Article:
Potentially there are so many new compositions available with a drone. This can include returning back to some of my favourite hotspots for a whole new view or just thinking about something completely different. I believe the drone is allowed to fly at 500 m although I've adjusted mine to only 110 m just because there is no need at the moment to go any higher and I'm still a bit nervous with it. The functions such as return to home are a fantastic option for me. Plus spending some time researching on YouTube and in my own thought process over the last few months has really given me more confidence to enjoy some time out with the drone.
I look forward to more time with the drone over the next few years so watch this space in time I hope to have some good projects out with the drone. As I mentioned this is a photography aid for me and nothing else I cannot see myself doing much video with it just because I feel very uncomfortable chucking something in the air of such a value. However walking to a location calming down and taking my time to slowly get an aerial view for a photograph works perfectly.
Firstly, what are filters and why are they used? When I first started taking photos filters were a option to protect your glass. You would use a cheap version of a filter which does not add any colour cast or polarisation and it would just stay on the lens to protect the glass in case you dropped or scratched your camera in anyway. It is only when you start researching on using lenses correctly, do you need more and understand how you can control the light with filters. Basically filters are the same as us using sunglasses. It is a good way to control the light from the Sun or slow things down and just add better colours. Therefore in the end hopefully not needing to do as much post processing. You can use the filters with the camera to try and get the best out of the image therefore not needing to spend as much time on the computer later on. For me these days this is a good thing because I really need to encourage myself to start post processing. I'm okay when I start and get into it, but realistically I like to have zero distractions so I can just concentrate on the job in hand.
there are a number of brands available now, creating good optical glass for your photography. I have been using kase filters for sometime now and because it is a winning team that works I can't see me ever using anything else. These filters offer much more than just a filter for your camera. They are also water and splash resistant, meaning the water practically slides off and they are also easy to clean. In a dusty environment. I have never experienced any scratches or issues from dirt and dust so it really is a winning team, which I am happy to stick with.
I was very happy using the order larger systems of Kase filters but at the same time I knew no different however there's no denying they are strong and they work very well. More recently however with the option of the new colour-coded revolution magnetic filters it was a game changer that I didn't even know I needed. These newer filters are smaller and the weight is practically nothing which is ideal for landscape photography. Each filter has its own colour which is good to identify the right one for the job. For example the white code filter is the job for the polariser and the red coloured filter is a 10 stop filter.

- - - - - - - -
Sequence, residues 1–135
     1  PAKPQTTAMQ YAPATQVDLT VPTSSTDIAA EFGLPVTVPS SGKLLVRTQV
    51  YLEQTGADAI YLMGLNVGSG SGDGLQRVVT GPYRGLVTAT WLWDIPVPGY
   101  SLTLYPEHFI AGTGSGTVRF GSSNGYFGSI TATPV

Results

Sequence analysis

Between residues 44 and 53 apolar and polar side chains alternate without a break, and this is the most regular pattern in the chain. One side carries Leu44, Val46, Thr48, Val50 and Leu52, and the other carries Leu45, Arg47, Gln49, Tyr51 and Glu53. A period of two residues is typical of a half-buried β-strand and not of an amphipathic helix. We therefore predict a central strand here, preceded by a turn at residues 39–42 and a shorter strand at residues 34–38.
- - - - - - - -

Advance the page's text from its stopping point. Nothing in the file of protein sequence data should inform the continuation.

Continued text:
Same as before if you require any more information about these filters or would like to see for yourself check out the photo above which will direct you to the Kase filters UK website.
Realistically it is not long now until the photography show where you can visit the stands for everything I've talked about today and see if I yourself. March is only a few months around the corner so hopefully some of this today has helped you and if you much time you can see for yourself.
Cold weather gear
making this blog at the end of August into September which means autumn and winter are only around the corner. This is a great time to look at some of the clothing which helps us as landscape photographers battle the elements. The right gear cannot be underestimated after all if you are warm and dry and comfortable then you can concentrate properly grabbing the shot.
I am not someone who often wears a coat just because I find it quite distracting. Specially when you're walking for miles it's just one extra thing you have to carry and in the end feel too warm. Instead I like wearing something similar to the Buffalo systems which is an ex-military design of clothing designed to be worn on or just under the skin therefore the movement of your body is how the clothing gets its warmth and quick drying element. I've owned a buffalo shirt for over 20 years and although it still works perfectly of course it doesn't look as bright as it did but for 20 years that can be expected. More recently I came across another brand designing something practically the same and this was from a company called ridgeline. Very similar indeed to the Buffalo system therefore I would highly recommend checking out both companies for this sort of system.
Ridgeline also offer other types of outdoor clothing such as coats fleeces and Smocks. All of the items from ridgeline look and feel fantastic again it is what you expect as they are designed for the great outdoors. The company has a presence in the UK and New Zealand therefore you can check out the link below and see for yourself. However I've been using the ridgeline Buffalo style shirt for nearly 2 years now and it is my first obvious choice on those cooler mornings.
To go back ever so slightly to Buffalo one of the thing from Buffalo that I've used for many years now and I would highly recommend is the Buffalo mitts. Of course I need to take these off when I'm taking a photograph however that moment when your fingers start to go cool turn blue and you know it's getting cold. The second you put these back on it is a huge comfort because these mittens are outstanding and by far the best gloves I've owned.
Anyway thank you for checking out my blog. I have been trying to tidy up my website for a bit which is why I deleted all the other content from the past and wanted to restart this page. I have a few better plans coming up soon and look forward to sharing this with you all soon.
Before I do go however I just want to quickly mention an exhibition I will be holding with a fellow landscape photographer in December. Both myself and Matt Oliver are very much looking forward to welcoming people to our exhibition which you can find at the Dronfield Hall barn between the 13th and 17th of December. There will be more information going soon however a look at the photograph below will also give you a heads up.